I have long lang styles that i move them in, i made them for easy leg removal so they set flat in a truck, and the wholes have vented system that goes in them.
 

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We are looking at moving from Kansas to Bluffton South Carolina. I have a few questions.

1. With the SC laws about inspections, is it worth trying to move my handfull of hives and used equipment, or should i just start over?

2. With SC being much warmer than KS in the winter do ythey have pollen sorces all year long or do you have to feed?

3. Also any pointers in long distance moving would be helpful

Hi, welcome to SC!
All the replies are right on. Dealing with SC Dept of AG for apiculture is very easy and pleasant.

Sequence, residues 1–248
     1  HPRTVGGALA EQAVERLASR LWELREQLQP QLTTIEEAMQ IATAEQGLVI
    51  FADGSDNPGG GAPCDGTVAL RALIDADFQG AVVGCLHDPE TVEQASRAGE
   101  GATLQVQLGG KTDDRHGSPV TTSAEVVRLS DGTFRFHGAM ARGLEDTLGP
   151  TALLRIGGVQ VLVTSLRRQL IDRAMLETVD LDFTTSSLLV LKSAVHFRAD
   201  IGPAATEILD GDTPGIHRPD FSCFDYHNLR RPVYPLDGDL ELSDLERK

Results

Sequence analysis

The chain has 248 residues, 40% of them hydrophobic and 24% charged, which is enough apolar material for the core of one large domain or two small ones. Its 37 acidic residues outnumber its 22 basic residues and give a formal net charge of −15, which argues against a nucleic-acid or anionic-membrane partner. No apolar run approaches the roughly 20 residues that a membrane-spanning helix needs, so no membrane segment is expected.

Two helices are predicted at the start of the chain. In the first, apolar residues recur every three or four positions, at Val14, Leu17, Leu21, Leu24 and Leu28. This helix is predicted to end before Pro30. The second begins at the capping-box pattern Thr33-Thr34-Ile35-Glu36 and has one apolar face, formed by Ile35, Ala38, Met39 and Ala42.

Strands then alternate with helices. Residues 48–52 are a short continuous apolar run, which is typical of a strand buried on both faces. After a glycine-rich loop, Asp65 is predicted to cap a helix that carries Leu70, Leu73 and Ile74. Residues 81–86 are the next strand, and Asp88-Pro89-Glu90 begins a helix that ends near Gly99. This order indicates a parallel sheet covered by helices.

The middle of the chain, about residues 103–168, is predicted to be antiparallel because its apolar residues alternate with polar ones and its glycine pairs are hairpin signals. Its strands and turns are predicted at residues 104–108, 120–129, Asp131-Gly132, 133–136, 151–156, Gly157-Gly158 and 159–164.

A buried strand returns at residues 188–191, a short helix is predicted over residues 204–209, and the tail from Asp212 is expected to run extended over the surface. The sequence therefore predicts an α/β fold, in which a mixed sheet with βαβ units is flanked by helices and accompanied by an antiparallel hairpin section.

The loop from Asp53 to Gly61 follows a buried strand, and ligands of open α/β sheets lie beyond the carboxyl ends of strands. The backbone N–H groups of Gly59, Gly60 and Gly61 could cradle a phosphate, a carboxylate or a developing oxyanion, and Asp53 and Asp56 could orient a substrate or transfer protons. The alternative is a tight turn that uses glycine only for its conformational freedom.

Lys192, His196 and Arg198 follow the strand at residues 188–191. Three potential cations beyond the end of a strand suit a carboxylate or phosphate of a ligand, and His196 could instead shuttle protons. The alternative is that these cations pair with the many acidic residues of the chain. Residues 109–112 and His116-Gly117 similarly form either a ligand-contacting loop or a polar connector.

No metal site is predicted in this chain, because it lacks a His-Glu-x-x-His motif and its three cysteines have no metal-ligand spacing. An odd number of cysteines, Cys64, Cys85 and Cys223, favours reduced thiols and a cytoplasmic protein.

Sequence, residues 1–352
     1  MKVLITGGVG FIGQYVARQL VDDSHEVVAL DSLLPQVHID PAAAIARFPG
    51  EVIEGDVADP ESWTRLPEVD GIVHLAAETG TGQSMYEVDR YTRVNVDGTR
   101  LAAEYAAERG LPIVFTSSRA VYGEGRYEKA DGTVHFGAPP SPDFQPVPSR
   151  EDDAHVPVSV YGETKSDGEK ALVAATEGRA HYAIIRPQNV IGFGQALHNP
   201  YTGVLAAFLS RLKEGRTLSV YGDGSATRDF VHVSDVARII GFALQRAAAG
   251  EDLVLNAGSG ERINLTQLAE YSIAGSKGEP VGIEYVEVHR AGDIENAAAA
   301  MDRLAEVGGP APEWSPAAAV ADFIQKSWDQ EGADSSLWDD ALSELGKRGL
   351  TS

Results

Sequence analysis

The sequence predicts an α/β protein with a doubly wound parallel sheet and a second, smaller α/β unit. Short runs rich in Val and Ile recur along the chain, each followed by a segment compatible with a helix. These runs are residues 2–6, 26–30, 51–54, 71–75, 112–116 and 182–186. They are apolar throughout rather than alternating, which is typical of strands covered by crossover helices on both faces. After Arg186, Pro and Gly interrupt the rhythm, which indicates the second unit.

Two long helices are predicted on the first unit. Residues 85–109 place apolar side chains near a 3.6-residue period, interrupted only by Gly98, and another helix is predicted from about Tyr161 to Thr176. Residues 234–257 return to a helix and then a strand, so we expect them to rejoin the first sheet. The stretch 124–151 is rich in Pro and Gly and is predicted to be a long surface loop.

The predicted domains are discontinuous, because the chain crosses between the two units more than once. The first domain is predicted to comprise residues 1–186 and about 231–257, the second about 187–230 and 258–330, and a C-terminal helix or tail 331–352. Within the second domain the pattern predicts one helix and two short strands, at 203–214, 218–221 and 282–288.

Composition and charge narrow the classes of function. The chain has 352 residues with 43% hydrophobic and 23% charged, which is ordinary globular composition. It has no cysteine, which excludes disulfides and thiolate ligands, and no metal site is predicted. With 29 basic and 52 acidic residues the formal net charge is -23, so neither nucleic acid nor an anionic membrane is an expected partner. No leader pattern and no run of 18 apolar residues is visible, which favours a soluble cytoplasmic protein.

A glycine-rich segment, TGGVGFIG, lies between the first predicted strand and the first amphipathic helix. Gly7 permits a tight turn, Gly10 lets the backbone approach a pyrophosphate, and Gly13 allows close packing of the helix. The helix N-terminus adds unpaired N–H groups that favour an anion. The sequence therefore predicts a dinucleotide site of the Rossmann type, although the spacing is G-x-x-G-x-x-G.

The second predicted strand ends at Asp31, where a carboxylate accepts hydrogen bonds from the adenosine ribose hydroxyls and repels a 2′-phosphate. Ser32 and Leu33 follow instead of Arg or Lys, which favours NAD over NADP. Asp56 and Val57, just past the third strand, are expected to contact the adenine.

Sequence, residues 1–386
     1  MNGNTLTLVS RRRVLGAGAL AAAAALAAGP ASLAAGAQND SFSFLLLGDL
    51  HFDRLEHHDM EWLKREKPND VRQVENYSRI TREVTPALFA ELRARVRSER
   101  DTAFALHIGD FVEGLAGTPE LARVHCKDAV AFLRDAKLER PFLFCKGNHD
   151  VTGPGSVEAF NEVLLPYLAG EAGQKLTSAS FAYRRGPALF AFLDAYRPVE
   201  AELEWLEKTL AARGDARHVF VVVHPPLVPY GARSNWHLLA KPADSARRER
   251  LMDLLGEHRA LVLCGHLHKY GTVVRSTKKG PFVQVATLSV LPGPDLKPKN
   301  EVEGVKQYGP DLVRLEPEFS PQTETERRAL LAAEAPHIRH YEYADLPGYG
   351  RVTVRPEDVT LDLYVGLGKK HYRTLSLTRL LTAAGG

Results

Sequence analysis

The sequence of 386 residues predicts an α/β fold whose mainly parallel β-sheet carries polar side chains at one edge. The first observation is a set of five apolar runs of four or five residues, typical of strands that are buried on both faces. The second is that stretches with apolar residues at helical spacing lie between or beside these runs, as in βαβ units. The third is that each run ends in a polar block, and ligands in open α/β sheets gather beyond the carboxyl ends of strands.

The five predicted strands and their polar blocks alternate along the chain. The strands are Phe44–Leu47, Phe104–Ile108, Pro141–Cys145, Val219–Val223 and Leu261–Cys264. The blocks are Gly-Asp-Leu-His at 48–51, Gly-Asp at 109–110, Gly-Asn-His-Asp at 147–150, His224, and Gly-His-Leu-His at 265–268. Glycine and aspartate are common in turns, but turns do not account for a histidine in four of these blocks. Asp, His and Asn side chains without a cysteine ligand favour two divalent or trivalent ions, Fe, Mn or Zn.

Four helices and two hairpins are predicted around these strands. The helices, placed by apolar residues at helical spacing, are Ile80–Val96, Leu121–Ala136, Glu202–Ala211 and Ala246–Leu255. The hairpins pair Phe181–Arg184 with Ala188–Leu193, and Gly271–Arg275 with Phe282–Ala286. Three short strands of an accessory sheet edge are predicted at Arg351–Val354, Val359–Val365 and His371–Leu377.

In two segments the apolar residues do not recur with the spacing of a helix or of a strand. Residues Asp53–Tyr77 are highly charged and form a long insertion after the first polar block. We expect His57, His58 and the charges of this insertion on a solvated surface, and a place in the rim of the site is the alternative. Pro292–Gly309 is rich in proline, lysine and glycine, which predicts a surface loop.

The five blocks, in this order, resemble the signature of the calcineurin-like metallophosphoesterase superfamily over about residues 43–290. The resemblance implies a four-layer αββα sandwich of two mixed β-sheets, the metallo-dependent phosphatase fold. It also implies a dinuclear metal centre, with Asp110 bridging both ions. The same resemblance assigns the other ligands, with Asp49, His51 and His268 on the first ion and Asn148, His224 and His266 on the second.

If I were you, I'd sell my stuff in KS and start up fresh in SC. There are plenty of good beekeepers in your new area and also over the border in GA too.

There is a clustering period in SC and if colonies do not have enough stores they'll need feed or they'd starve: that depends on how your year went.

If you can leave a nice full box of honey over the broodnest, you'll be all set.

There's pollen for most of the year. We had pollen coming in on Christmas day last year and we're a zone colder then Bluffton, and 150 miles West.

Hive beetle is a management issue: if your colonies are strong, they'll do okay with hive beetle. If they are weak, the beetle will take right over.

Keeping your colonies strong is key: especially after a swarm.

If you have any questions in detail about keeping bees in SC, feel free to give me a holler. Phone number is on the contact page of the website below.

You'll be in very nice country. Get ready for some real warm days... :banana:

Adam
https://vpqueenbees.com